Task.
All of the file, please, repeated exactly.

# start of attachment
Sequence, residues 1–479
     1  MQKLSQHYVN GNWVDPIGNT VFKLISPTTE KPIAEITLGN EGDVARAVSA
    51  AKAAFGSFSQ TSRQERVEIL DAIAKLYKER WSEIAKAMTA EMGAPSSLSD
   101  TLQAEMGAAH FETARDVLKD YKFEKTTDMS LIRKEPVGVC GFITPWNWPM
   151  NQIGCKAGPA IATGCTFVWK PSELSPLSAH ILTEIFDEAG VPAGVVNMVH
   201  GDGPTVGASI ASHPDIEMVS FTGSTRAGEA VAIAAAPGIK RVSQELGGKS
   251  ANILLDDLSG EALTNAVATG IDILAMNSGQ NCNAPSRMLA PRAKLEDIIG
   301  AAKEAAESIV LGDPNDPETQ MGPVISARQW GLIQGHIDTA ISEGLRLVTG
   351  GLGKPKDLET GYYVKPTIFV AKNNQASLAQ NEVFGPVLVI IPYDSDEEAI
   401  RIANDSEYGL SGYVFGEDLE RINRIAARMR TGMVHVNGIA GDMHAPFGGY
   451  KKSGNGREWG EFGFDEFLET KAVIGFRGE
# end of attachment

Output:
Sequence, residues 1–479
     1  MQKLSQHYVN GNWVDPIGNT VFKLISPTTE KPIAEITLGN EGDVARAVSA
    51  AKAAFGSFSQ TSRQERVEIL DAIAKLYKER WSEIAKAMTA EMGAPSSLSD
   101  TLQAEMGAAH FETARDVLKD YKFEKTTDMS LIRKEPVGVC GFITPWNWPM
   151  NQIGCKAGPA IATGCTFVWK PSELSPLSAH ILTEIFDEAG VPAGVVNMVH
   201  GDGPTVGASI ASHPDIEMVS FTGSTRAGEA VAIAAAPGIK RVSQELGGKS
   251  ANILLDDLSG EALTNAVATG IDILAMNSGQ NCNAPSRMLA PRAKLEDIIG
   301  AAKEAAESIV LGDPNDPETQ MGPVISARQW GLIQGHIDTA ISEGLRLVTG
   351  GLGKPKDLET GYYVKPTIFV AKNNQASLAQ NEVFGPVLVI IPYDSDEEAI
   401  RIANDSEYGL SGYVFGEDLE RINRIAARMR TGMVHVNGIA GDMHAPFGGY
   451  KKSGNGREWG EFGFDEFLET KAVIGFRGE